Gov. Maura Healey spent Tuesday in Attleboro as part of a series of visits to promote her Affordable Housing Act
Unveiled on Oct. 18, the AHA is a bond bill that would, if approved by the legislature, invest $4.12 billion toward producing tens of thousands of housing units in Massachusetts. Standing outside of the Union Mills 37 housing complex, Healey said that housing is the greatest challenge facing residents and must be urgently addressed.
“I want you living in Massachusetts,” Healey said. “Housing construction will begin in the spring or not, so we have to get this done.
Healey was joined by Housing Secretary Ed Agustus and met with state Reps. Adam Scanlon (D-North Attleborough), Jim Hawkins (D-Attleboro), Carol Doherty (D-Taunton), and Attleboro Mayor Cathleen Desimone. The group went on a tour to look at housing developments such as Union Mills 37, once used as a jewelry mill during the Industrial Revolution. It has been converted into an apartment community with 59 new homes. Healey praised the renovation and said that more like them could be built if the Affordable Housing Act is passed.
“We want to create more affordable homes in livable communities in the state,” Healey said. “There is a lot in this, but there needs to be a lot. It’s important. It’s what all of us hear about. It’s urgently needed.”
The act contains 28 proposals designed to help increase housing production throughout the state. These include allowing towns and cities the ability to enact taxes up to 2% on real estate transfer fees to fund affordable housing projects, changing the voting threshold for community government bodies to approve inclusionary zoning from two-thirds to a simple majority, and giving single-family homeowners the right to build accessory dwelling units of less than 900 square feet on their lots without the need for a special permit. The bill also contains a $1.6 billion investment for public housing and $275 million to create more housing stock, such as converting office space or abandoned malls into units.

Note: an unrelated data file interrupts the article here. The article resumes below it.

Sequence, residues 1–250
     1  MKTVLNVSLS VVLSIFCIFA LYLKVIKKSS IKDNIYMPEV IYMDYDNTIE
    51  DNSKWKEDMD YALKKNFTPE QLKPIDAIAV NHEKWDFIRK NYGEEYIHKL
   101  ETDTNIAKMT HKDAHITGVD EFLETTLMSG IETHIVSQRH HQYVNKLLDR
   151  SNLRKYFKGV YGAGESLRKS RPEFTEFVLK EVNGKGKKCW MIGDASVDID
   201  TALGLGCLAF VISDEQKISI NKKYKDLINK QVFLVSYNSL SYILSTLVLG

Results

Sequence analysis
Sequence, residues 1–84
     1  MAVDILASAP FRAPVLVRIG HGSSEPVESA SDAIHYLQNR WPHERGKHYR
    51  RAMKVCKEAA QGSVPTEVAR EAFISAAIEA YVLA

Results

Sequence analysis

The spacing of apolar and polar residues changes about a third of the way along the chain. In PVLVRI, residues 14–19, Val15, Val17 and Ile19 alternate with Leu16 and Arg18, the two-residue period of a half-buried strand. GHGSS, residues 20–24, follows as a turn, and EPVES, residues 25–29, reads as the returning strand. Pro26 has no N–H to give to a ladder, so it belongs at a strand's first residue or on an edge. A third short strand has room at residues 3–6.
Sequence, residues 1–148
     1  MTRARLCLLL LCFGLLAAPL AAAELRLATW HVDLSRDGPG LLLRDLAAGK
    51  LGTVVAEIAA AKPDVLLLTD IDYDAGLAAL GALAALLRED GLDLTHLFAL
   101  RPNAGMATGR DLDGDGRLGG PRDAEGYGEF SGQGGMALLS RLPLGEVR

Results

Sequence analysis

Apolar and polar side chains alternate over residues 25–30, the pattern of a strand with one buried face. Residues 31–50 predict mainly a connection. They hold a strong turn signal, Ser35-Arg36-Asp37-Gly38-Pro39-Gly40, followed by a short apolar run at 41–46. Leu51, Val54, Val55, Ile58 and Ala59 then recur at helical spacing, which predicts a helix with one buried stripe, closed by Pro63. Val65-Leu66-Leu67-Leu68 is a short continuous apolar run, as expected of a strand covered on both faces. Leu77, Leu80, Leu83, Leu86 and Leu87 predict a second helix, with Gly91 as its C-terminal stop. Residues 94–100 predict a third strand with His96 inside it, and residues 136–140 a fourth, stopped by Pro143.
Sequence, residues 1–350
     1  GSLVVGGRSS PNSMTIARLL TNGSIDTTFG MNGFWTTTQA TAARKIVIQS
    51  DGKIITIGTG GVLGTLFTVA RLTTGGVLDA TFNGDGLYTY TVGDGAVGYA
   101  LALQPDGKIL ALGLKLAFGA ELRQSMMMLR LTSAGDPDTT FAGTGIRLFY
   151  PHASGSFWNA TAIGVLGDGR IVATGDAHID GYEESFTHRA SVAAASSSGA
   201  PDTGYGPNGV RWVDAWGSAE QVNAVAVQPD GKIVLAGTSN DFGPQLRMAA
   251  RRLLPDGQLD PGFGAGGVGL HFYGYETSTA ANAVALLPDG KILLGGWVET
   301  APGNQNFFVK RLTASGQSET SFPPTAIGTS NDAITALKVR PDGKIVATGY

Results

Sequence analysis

According to Augustus, the proposal would not interfere with local governments enacting housing laws. Augustus said the bill aims to give towns and cities more options to build housing and encourage construction.
“We’re not treading untread grounds here,” Augustus said. “When you’re motivated to stop something there are a lot of ways to do that. Now is the time to not be stopping housing, now is the time to be promoting housing.”
House Speaker Ron Mariano (D-Quincy) and Senate President Karen Spilka (D-Ashland) have not commented on the bill, but other lawmakers have supported Healey’s proposal. State Sen. Paul Feeney (D-Foxboro) praised the Affordable Housing Act, calling for legislation to help families unable to afford housing at current market prices.
“When it comes to housing in the Commonwealth, we need everything, everywhere, and all at once,” Feeney said. “These reforms will support middle-class residents, bolster economic development in all corners of the Commonwealth, and keep Massachusetts competitive and welcoming to current and prospective residents.”
Scanlon said the bill would offer new construction opportunities for North Attleborough and that the addition of the ADU’s by-right provision would help families with senior citizens. Scanlon said constructing new housing is a priority for North Attleborough and is ready to find any opportunity to build more.
“We need to get behind this issue,” Scanlon said. “North Attleborough is ready to build housing. I believe we will get there.”